1977's The Kentucky Fried Movie is a cult classic comedy film that was almost never made. Inspired by sketch comedy like Monty Python, Saturday Night Live, and improvisational theater like Second City and The Groundlings, movie studios were unsure how American audiences would respond to sketch comedy in a feature film. Coming up with the $650,000 needed to shoot the film was a long process full of rejection and false starts. Luckily, the brains behind The Kentucky Fried Movie eventually convinced backers that the movie had value, and a comedy classic was born.
The Kentucky Fried Movie- A cult classic comedy movie from John Landis and Zukcer, Abrahams, and Zucker in 1977.
Based on an improv comedy show called Kentucky Fried Theater, the script for The Kentucky Fried Movie was created and refined both in rehearsal and in front of live audiences before it was turned into a film script. The comedy trio of Zucker, Abrahams, and Zucker (who would go on to produce Airplane! among other comedy classics) came up with the idea for the skit-based comedy while attending the University of Wisconsin together.
The Kentucky Fried Movie was not director John Landis' first foray into film--he'd done some stunt and acting work as well as unit direction in Europe as well as a feature film called Schlock that sank like a stone--but it would set his career in motion, leading directly to his work on Animal House and The Blues Brothers. Landis' career includes comedy blockbusters like Spies Like Us and Three Amigos, but it all started with his success on The Kentucky Fried Movie.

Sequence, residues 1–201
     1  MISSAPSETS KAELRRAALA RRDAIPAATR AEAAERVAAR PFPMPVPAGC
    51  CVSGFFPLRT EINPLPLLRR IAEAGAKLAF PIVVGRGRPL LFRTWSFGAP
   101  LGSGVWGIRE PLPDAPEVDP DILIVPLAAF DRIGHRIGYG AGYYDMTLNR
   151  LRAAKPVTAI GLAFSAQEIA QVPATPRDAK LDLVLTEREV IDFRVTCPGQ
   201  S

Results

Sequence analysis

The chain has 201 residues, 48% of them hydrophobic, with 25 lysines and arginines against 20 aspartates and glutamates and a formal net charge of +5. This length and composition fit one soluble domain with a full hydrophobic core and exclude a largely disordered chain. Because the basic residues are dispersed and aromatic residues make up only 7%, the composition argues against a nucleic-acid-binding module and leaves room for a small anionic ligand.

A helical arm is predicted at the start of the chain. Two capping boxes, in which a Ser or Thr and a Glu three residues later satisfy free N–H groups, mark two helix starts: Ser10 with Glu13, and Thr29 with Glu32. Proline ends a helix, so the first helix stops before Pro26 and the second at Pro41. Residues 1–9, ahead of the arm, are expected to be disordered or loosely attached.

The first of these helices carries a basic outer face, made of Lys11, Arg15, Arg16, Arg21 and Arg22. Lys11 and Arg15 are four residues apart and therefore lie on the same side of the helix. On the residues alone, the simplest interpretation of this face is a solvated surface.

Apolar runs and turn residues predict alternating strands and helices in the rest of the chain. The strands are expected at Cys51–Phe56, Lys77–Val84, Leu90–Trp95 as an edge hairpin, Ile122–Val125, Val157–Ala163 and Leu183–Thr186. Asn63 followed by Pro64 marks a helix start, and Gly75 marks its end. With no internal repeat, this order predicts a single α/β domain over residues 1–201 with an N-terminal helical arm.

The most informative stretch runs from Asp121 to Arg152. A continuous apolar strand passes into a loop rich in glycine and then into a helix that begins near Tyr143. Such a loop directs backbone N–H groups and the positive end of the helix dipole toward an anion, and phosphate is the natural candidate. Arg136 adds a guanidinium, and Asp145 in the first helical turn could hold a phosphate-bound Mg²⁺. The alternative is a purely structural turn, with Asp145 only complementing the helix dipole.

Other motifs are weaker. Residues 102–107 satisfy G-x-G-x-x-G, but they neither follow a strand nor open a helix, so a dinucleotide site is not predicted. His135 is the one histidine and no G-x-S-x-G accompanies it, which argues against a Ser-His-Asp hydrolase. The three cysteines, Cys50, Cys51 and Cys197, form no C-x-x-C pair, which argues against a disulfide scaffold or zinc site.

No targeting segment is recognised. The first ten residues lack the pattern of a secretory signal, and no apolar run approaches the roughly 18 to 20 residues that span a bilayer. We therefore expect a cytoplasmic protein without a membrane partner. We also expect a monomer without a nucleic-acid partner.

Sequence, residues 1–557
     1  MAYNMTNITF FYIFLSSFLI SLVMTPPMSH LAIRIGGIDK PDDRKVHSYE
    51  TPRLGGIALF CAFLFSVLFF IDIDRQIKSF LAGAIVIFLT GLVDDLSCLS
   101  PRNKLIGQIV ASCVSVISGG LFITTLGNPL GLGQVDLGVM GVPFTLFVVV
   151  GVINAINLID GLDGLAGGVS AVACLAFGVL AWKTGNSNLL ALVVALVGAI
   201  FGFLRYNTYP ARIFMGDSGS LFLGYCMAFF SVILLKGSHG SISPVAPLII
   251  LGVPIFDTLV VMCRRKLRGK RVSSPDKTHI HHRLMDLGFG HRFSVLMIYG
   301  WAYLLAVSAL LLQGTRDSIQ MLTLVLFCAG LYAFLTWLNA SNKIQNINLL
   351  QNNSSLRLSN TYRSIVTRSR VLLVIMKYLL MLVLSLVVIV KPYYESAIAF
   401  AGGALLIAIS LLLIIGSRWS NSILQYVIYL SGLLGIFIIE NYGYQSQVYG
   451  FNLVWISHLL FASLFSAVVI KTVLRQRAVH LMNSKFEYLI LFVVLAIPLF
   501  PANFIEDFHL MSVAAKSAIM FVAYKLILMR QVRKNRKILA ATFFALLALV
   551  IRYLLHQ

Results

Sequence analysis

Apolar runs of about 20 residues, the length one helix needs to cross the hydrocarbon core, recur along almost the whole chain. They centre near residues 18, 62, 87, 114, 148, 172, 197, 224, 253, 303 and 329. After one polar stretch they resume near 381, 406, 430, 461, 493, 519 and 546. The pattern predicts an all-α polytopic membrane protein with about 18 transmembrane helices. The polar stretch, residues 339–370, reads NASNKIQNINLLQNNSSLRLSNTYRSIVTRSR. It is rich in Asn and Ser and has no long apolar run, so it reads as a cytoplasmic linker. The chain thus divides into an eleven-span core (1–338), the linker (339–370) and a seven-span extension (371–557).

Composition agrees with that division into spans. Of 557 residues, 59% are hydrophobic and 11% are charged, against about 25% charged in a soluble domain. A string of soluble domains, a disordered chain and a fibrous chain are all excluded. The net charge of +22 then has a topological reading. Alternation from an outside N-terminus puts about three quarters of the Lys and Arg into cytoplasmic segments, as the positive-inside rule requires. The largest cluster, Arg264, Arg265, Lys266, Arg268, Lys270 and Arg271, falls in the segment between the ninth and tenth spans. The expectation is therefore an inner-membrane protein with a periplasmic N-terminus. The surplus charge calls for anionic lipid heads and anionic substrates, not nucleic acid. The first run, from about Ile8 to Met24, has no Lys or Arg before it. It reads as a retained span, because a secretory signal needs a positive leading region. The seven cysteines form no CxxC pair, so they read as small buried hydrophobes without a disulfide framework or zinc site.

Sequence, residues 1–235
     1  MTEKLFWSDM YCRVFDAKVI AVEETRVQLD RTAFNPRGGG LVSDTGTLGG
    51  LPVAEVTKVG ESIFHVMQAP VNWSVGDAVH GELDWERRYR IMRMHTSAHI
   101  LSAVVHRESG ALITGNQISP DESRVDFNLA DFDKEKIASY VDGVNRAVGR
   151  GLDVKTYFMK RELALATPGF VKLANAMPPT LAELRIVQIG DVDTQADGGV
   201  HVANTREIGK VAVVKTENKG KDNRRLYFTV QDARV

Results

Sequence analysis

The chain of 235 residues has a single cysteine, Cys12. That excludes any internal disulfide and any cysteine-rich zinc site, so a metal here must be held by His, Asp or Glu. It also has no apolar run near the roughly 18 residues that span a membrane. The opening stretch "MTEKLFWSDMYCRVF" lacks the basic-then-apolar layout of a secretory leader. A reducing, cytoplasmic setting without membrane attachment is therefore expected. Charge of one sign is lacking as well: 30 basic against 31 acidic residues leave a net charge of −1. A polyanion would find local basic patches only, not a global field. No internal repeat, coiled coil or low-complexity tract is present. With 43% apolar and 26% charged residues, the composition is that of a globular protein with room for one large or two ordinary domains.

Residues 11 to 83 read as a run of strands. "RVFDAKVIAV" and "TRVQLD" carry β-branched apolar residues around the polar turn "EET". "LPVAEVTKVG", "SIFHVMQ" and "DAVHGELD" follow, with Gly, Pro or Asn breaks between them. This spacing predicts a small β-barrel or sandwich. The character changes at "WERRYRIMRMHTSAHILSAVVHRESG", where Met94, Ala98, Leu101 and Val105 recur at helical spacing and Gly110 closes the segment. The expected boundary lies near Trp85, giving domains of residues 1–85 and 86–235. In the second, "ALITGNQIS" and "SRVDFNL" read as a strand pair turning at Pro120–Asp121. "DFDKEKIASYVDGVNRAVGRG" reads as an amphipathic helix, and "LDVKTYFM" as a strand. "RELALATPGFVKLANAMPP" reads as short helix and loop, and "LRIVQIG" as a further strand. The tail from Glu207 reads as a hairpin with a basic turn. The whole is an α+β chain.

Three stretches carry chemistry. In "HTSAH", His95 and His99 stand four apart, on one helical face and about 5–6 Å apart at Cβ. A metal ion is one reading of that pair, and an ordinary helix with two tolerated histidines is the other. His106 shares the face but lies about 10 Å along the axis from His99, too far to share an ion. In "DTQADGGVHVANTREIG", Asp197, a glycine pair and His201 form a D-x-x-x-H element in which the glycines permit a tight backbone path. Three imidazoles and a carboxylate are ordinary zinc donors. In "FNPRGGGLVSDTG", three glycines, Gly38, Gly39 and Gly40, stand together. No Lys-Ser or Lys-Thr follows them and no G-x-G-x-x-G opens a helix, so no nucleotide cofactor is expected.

After shopping the screenplay around to various Hollywood production companies, Zucker, Abrahams, and Zucker realized that they needed something solid to hand to potential producers to convince them of the value of their idea. A real estate developer friend suggested that they make a ten-minute film he could show to other potential investors to raise the planned $500,000 budget, but backed out when the trio asked for $30,000 to make the short.
The Kentucky Fried Movie trailer, featuring Samuel L. Bronkowitz.
Eventually, the three made the short on their own, spending $32,000 of their own money to do so. John Landis joined the team, but even with a working director and a ten-minute short, Hollywood wouldn't bite. At this point, The Kentucky Fried Movie was little more than a screenplay, a couple of reels, and $30,000 worth of personal debt for the writers.
John Landis and the writers wanted to know how movie audiences would react to their short, so they convinced a couple of movie houses to show the short before feature films. One of these exhibitors, a man named Kim Jorgenson, found the short so hilarious that he got a group of investors together and together they raised $650,000. The Kentucky Fried Movie would eventually earn $20 million worldwide.